SHORPY Historic Photo Archive & Fine-Art Prints
 
 
The Shorpy Archive
 
9000+ fine-art prints suitable for framing. Desk-size to sofa-size and larger, on archival paper or canvas.
 
Join and Share

 
Support Shorpy

Shorpy is funded by you. Help by purchasing a print or contributing. Learn more.

 
Social Shorpy

   rss

Join our mailing list (enter email):


 
 
 
 
Member Photos


Photos submitted by Shorpy members.

 
Colorized Photos


Colorized photos submitted by members.

 
About the Photos

Our holdings include hundreds of glass and film negatives/transparencies that we've scanned ourselves; in addition, many other photos on this site were extracted from reference images (high-resolution tiffs) in the Library of Congress research archive. (To query the database click here.) They are adjusted, restored and reworked by your webmaster in accordance with his aesthetic sensibilities before being downsized and turned into the jpegs you see here. All of these images (including "derivative works") are protected by copyright laws of the United States and other jurisdictions and may not be sold, reproduced or otherwise used for commercial purposes without permission.

WEB SITE & CONTENTS
© 2019 SHORPY INC.

[REV 25-NOV-2014]

 
 
JUMP TO PAGE   100  >  200  >  300  >  400  >  500  >  600
VINTAGRAPH • WPA • WWII • NEW ZEALAND CENTENNIAL: 1840-1940

Howdy Duty: 1953

Tags:
Howdy Duty: 1953

June 1953. "Clarabell takes to the hills. Howdy Doody Show character Clarabell the Clown (actor Nick Nicholson) visiting the Dolan family in Boone County, West Virginia." Photo by Phillip Harrington for Look magazine. View full size.

On Shorpy:
Today's Top 5
A MESSAGE FROM SHORPY
To stay online without a paywall or a lot of pop-up ads, Shorpy needs your help. (Our server rental alone is $3,000 a year.) You can contribute by becoming a Patron, or by purchasing a print from the Shorpy Archive. Or both! Read more about our 2019 pledge drive here. Our last word on the subject is: Thanks!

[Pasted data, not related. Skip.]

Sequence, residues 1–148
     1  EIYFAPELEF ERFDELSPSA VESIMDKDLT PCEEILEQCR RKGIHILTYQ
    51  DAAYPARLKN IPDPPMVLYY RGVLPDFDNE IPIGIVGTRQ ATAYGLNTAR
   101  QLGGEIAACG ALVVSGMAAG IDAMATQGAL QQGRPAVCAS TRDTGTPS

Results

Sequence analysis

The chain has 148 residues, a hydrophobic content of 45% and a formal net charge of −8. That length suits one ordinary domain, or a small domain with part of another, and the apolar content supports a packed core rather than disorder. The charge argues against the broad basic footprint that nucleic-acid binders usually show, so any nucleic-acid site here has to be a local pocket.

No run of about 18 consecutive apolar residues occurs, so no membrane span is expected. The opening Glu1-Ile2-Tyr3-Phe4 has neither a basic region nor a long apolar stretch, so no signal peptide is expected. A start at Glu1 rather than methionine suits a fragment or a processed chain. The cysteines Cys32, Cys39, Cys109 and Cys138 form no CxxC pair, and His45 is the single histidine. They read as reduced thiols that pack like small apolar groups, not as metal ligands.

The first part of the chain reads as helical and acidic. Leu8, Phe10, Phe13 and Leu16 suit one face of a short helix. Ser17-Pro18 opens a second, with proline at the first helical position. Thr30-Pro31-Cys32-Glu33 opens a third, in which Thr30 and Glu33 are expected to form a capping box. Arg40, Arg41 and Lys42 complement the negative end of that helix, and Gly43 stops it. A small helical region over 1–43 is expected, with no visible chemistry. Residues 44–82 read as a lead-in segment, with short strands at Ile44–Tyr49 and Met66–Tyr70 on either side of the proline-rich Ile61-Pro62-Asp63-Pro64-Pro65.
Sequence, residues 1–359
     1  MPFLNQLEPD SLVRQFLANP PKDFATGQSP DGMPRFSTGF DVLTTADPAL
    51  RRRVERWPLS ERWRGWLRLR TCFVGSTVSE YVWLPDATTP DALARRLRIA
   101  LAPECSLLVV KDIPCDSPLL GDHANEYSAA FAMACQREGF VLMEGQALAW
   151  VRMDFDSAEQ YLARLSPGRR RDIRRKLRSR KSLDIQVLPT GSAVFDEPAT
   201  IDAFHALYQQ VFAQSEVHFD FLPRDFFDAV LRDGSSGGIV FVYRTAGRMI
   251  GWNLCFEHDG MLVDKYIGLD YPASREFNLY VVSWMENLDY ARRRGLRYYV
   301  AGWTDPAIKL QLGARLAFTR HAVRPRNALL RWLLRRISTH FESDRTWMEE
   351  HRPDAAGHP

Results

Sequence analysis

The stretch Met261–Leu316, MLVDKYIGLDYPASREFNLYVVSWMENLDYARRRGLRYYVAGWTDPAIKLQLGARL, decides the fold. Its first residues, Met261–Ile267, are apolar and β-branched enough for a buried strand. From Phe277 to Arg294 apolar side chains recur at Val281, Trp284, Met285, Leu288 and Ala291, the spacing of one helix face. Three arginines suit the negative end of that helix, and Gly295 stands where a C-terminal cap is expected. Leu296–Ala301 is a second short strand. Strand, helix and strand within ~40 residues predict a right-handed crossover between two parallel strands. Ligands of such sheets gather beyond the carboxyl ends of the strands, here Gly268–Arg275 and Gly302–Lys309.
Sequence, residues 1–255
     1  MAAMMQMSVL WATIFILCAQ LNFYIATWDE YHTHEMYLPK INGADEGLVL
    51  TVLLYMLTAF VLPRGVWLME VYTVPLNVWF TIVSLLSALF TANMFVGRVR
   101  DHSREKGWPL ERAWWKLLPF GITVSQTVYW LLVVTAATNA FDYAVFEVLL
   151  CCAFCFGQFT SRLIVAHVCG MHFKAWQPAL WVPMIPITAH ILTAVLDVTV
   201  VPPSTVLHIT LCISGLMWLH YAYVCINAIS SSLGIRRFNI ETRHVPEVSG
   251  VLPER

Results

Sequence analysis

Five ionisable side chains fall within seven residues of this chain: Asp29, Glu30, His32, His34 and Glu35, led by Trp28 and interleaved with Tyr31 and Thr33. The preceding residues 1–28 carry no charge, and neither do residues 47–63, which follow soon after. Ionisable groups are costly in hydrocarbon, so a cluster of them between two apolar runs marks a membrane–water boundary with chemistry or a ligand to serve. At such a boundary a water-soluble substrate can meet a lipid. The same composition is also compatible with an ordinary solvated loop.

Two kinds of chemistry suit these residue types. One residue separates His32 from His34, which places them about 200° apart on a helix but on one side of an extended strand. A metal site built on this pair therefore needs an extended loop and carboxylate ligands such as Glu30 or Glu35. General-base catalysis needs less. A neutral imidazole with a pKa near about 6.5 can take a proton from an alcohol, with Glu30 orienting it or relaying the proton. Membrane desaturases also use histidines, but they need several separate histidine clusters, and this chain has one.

Sung to the tune of "Mademoiselle from Armentières".

Who's the funniest clown we know?
Clarabell!
Who's the clown on Howdy's show?
Clarabell!
His feet are big, his tummy's stout,
But we could never do without,
Clara, Clara, Clarabell!

Who has fuzzy-wuzzy hair?
Clarabell!
It's partly red but mostly bare.
Clarabell!
And since the day that he was born,
He's honked and honked and honked his horn.
Clara, Clara, Clarabell!

Inadequate Inflation - Long Bob Sandwich?

I am going to guess the balloon refers to the famous Long Bob Sandwich from Bob Phillips Drive-In. The drive-in was just north of Boone County in the Kanawha City part of south Charleston. The drive-in opened in 1952.

Jerry Waters has a site with some photos of this fine establishment: http://www.mywvhome.com/fifties/phillips.htm

Bob Sandwich

Bob's Sandwiches would make more sense, but it does indeed say Bob Sandwich Try one today.

Maybe it refers to Buffalo Bob or something on the show?

Mute Clown

Clarabell never spoke until the last episode of Howdy Doody, when he said with a tear in his eye: "Bye, kids!"

BOB SANDWICH

Do I see an imprint on one balloon? Can't tell if local delicacy or politician or goodness knows what. I'll take a wild guess that fine print is "Try One Today," but that's wishful thinking. Ideas, anyone?

Nice clown

Photos of clowns usually bring out the observations about how scary and creepy they can be, but this particular clown actually has a gentle and sympathetic look on his face. Maybe it’s the furrows in his brow, maybe the sad eyes, but I’m not afraid of him.

Those were the days

Chief Thunder Thud, Princess Summer-Fall-Winter-Spring, Phineas T. Bluster, Buffalo Bob Smith, the Peanut Gallery.

Creepy

I am not anti-Clown, but wow-w

Please help me

I think that I'm seeing things. What is that thing out the screen door? It almost looks like a snow blower, but that's a tad unlikely in June (I KNOW it's not western New York, after all).

[It's a thing called an automobile. - Dave]

 
SHORPY OLD PHOTO ARCHIVE
Shorpy.com | History in HD is a vintage photo archive featuring thousands of high-definition images from the 1850s to 1960s. (Available as fine-art prints from the Shorpy Archive.) The site is named after Shorpy Higginbotham, a teenage coal miner who lived 100 years ago.

Syndicate content RSS | Contact Us | Privacy Policy | Photo Use | © 2019 Shorpy Inc.
sphere